by Ian Mann
May 30, 2013
A welcome return to action from two bands that have been off the scene for far too long.
Basquiat Strings / Oriole, Studio Theatre, Warwick Arts Centre, 25/05/2013
This double bill of F-ire Collective artists marked a welcome return to action for two bands who were particular favourites of mine around five,six or even seven years ago. Basquiat Strings’ début recording, released in 2006, was a Mercury Music Prize nomination whilst Oriole’s magnificent second album “Migration”, also 2006, was one of the very few records to gain a coveted Jazzmann five star award.
Oriole’s music is a fascinating hybrid of jazz, folk and Latin influences and the hiatus in their career was the direct result of their guitarist and composer Jonny Phillips re-locating to Cadiz for three and a half years to fully immerse himself in Spanish music and culture. Now ensconced in London once more Phillips marked his return to the UK scene in 2012 with the release of “Every New Day”, the third Oriole album and a worthy and welcome addition to the group’s impressive catalogue.
Basquiat Strings seem to have been away for a long time too. A second album featuring the original line up of leader, composer and cellist Ben Davis, violinists Emma Smith and Vicky Fifield, viola player Jenny May Logan plus the rhythm team of Richard Price (double bass) and Seb Rochford (drums) was recorded in 2009 but is only now seeing the light of day. Like its predecessor it’s an impressive piece of work and I’ll be taking a look at the album in due course.
In the meantime Davis has re-invented the group, abandoning the “string quartet plus rhythm” format and applying a looser definition of the word “strings” with the recruitment of the Scottish guitarist Graeme Stephen alongside Rochford and new bassist Fred Thomas. Tonight’s show suggested that the change of line up will serve to lead the group in a different, more folk orientated direction but still with elements of the jazz, classical and avant garde music worlds very much in place.
None of tonight’s material appears on either of the group’s recordings and was presumably written specifically for the current line up. Opener “The Muffin Man” began with dark, sonorous double bass before opening up to embrace snatches of folk melody and a dazzling solo from Stephen on semi acoustic guitar, his agile picking shadowed by Rochford’s subtle but equally nimble hand drumming. Thomas’ solo bass feature, which included dramatic Flamenco style strumming was thoroughly riveting as the new Basquiat line up got off to a terrific start.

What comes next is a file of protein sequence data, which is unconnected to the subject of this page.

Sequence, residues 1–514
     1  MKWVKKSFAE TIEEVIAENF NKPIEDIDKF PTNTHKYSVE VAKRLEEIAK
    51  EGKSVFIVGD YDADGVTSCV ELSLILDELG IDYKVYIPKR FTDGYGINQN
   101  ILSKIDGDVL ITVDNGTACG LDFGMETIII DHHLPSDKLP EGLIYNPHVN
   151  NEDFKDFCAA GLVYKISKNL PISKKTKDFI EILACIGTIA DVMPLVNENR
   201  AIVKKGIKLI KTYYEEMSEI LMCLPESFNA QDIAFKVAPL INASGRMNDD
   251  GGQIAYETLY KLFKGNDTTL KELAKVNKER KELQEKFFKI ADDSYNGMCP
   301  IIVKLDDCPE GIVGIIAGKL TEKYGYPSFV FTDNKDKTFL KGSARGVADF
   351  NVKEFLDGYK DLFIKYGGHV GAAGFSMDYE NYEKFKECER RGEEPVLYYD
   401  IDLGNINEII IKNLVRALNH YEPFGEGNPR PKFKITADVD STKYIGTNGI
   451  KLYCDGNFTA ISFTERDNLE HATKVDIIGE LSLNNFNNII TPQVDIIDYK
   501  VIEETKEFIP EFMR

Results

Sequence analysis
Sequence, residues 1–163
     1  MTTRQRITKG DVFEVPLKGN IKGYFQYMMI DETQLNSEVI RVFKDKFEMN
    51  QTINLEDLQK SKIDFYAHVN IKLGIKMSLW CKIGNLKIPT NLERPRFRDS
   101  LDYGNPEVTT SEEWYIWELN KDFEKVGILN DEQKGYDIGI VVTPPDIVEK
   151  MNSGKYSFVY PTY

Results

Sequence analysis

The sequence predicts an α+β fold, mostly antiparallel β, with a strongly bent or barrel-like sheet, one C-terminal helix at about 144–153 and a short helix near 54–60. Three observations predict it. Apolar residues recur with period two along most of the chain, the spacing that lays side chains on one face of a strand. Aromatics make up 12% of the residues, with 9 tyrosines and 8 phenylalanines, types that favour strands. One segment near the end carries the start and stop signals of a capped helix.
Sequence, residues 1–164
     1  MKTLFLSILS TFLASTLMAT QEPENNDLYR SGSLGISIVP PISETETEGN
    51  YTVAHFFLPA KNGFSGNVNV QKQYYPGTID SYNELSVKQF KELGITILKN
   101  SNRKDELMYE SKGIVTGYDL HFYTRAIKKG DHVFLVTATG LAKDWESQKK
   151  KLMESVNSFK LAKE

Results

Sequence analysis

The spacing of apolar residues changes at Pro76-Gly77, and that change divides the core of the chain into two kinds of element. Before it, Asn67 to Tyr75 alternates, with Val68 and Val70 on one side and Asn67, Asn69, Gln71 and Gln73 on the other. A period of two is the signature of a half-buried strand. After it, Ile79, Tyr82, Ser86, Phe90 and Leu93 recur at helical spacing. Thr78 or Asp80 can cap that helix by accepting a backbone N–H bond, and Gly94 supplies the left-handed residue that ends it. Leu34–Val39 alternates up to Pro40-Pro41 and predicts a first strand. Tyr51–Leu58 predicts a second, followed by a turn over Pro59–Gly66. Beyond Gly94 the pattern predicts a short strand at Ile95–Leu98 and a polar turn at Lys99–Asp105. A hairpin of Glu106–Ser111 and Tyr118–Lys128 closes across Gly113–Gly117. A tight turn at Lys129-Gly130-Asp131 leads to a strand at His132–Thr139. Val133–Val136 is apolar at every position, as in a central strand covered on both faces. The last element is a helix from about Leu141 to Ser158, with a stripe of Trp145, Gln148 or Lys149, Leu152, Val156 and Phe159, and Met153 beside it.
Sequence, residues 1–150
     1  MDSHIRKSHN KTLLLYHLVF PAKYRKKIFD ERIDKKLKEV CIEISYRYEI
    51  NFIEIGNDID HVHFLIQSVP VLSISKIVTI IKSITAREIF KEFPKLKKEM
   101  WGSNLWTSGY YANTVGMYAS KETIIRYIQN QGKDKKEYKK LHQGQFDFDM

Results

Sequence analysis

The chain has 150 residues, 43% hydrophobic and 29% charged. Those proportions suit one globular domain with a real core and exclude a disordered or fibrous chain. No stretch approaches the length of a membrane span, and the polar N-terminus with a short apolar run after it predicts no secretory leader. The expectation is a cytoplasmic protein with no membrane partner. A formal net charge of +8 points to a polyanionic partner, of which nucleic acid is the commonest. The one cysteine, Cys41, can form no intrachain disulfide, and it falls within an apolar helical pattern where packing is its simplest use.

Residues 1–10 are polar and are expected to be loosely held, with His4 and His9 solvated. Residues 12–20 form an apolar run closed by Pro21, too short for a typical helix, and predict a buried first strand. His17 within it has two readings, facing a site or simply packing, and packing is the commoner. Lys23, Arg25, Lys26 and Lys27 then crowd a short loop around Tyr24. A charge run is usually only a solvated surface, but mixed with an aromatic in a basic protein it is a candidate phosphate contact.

Next came a segue of two totally contrasting pieces. The brief but lyrical “Sweet Corn” featured haunting cello and delicately brushed drums with the following “Arse Over Elbow” adopting a spikier, more animated tone more in keeping with the coarseness of the title. Here Davis’ bow struck rather than caressed the strings and he also played pizzicato as the group increasingly deployed extended techniques with solos coming from Stephen, Davis and Thomas. The piece ended with the grainy sound of contemporaneously bowed cello and double bass.
As its title might suggest “Monkish Mood” was an often playful Davis extemporisation of Thelonious Monk’s composition “Monk’s Mood” with a features for the leader’s cello and an intriguing dialogue between guitar and bass. At times a wilful dissonance edged the music towards the avant garde with Thomas’ vocal exhortations adding to the general air of weirdness. Stephens’ closing solo, an impressive display of rapid fire picking and chording ended the piece on an upbeat note.
The buoyant mood was continued into the final number, an afrobeat style piece dedicated to Davis’ young son. The words “afrobeat” and “strings” may seem mutually exclusive but in the hands of Basquiat strings plucked cello, acoustic guitar, double bass and drums meshed into an uplifting and often hypnotic meld of interlocking rhythms and patterns with Rochford again deploying the hand drumming technique. The piece saw Basquiat Strings moving even further away from the world of classical music and fully embracing the “rhythmic expression” of the F-ire acronym and ethos. Having said that both of the group’s recordings are surprisingly rhythmic and unexpectedly earthy.
This brief look at the new look Basquiat Strings suggested that there’s plenty of promise in the new line up and in these straitened times the scaled back four piece line up is probably more economical to run too. Let’s hope that the new unit remains musically active on a regular basis and gets the opportunity to record this fresh material.